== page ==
Philadelphia, like so many other cities across the nation, has lost its sense of unity and purpose. Poverty has robbed too many Philadelphians of their individual dignity, family and community.
Discrimination, whether raced-based, caste-based, gender-based, or religion-based is just plain discrimination and it springs from ignorance and has no spiritual value. It only serves to distance us from other human beings and from God. It breeds more hatred and disunity inside of the person discriminating.
Actress Tara Ochs is the quintessential working artist. Being casted alongside Oprah Winfrey in Selma, one of the year's most important films, was likely the last goal on Ochs' mind, until it happened.
A more important resolve for our national consciousness is to remain committed to the community service that is now a central element of our celebration of Dr. King's enormous contributions to the nation.
His civilian name is John Lewis, by day a mild-mannered congressman from Georgia, but in his role as a civil rights leader extraordinaire he is one of America's most courageous heroes. He has just released the second of a planned trilogy of graphic novels titled March.
Until there are Israeli and Palestinian leaders who can speak with the empathy and compassion of a Kennedy or a King and acknowledge the dignity and pain of the other, this struggle will continue to afflict both sides like an unending plague.
This year marks the 50th anniversary of passage of the Voting Rights Act of 1965. While this anniversary is something to be proud of, recent events make it very sobering.
As Martin Luther King knew full well, health care is a moral issue. Virtually all advanced countries around the world recognized long ago that health care is a human right, not a privilege based on ability to pay.
For the first time ever, an intergenerational and interracial gathering of LGBTQ voices of color and our allies came together, creating the paradigm of how future discussions should take place.
Pete's fingers can strum no longer, but, thanks to him, people around the world can have many "singing tomorrows."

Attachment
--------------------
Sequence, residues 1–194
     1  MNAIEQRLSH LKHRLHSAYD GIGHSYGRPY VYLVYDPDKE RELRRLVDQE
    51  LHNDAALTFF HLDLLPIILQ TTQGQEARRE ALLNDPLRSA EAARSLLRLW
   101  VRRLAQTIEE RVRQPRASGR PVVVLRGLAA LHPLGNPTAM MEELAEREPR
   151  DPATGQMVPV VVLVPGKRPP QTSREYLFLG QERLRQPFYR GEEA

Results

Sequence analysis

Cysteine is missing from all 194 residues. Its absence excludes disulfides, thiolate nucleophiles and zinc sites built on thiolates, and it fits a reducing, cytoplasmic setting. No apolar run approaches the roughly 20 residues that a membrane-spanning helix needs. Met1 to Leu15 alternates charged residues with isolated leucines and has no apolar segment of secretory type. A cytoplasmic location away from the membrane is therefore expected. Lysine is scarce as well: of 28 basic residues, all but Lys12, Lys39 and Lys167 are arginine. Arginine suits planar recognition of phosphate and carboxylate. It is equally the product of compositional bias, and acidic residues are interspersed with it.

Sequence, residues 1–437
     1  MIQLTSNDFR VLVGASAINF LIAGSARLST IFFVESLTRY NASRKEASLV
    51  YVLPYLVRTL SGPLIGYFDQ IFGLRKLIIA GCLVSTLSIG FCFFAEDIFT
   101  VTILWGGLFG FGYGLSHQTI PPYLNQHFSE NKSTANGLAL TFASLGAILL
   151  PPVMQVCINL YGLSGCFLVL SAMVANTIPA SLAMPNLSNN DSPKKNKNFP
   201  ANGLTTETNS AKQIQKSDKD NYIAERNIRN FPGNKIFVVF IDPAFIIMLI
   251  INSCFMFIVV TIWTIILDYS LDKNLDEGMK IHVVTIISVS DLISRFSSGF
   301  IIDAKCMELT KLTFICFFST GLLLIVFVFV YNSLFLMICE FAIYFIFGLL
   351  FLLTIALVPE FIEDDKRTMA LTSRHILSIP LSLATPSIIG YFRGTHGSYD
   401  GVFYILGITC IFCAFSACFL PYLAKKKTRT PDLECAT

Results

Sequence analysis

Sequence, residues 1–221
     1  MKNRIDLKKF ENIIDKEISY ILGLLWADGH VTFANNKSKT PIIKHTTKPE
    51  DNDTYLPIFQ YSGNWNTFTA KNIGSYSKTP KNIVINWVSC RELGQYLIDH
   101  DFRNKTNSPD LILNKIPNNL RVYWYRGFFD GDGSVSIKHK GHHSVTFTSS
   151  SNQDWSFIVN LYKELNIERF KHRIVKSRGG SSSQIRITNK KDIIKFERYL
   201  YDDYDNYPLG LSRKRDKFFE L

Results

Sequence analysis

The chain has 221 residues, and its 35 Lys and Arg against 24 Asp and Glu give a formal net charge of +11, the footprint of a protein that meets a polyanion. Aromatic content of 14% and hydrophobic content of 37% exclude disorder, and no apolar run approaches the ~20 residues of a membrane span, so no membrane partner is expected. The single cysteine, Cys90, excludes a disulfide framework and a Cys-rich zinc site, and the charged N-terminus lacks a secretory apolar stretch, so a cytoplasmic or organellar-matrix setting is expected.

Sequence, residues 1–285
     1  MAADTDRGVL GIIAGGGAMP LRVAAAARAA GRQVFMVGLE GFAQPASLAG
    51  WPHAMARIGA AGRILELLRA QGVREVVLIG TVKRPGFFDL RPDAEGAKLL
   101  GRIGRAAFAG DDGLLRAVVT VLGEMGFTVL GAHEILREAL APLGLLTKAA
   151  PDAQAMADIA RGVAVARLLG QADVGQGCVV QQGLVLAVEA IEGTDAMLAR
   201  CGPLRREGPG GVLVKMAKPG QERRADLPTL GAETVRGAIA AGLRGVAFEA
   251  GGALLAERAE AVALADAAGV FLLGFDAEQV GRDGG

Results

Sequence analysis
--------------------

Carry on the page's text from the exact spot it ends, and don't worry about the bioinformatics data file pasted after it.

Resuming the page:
Writing inmates is an important task for us in the "free world." In the vein of Martin Luther King's letter crying "Why We Cant Wait," Comrade Malik writes us about current conditions in Texas prisons and specifically with the Houston Police Department and why we can't wait as prisoners are dying.
According to a 2014 paper by the Australian psychology professor Arthur E. Poropat, research has shown that "conscientiousness" and "openness" (i.e. creativity and curiosity) are more important to student success than intelligence.
How far have we really come since Dr. King's passing in 1968? Could those who argue that we now live in a truly post-racial society be wearing the blinders of white privilege? Consider the following.
Instead, he shared a dream that provided a vision of equality and hope for a struggling nation. His dream was not to get elected and not to become rich; it was a dream that was to and for everyone.
Taking a stand is urgent. Using our voice is imperative. We cannot afford to neglect service to others for the sake of humankind.
It's true that I've never overtly consciously discriminated against anyone, but it's still just as true that I've benefited from a system that oppressed and continues to oppress people of color to this very day.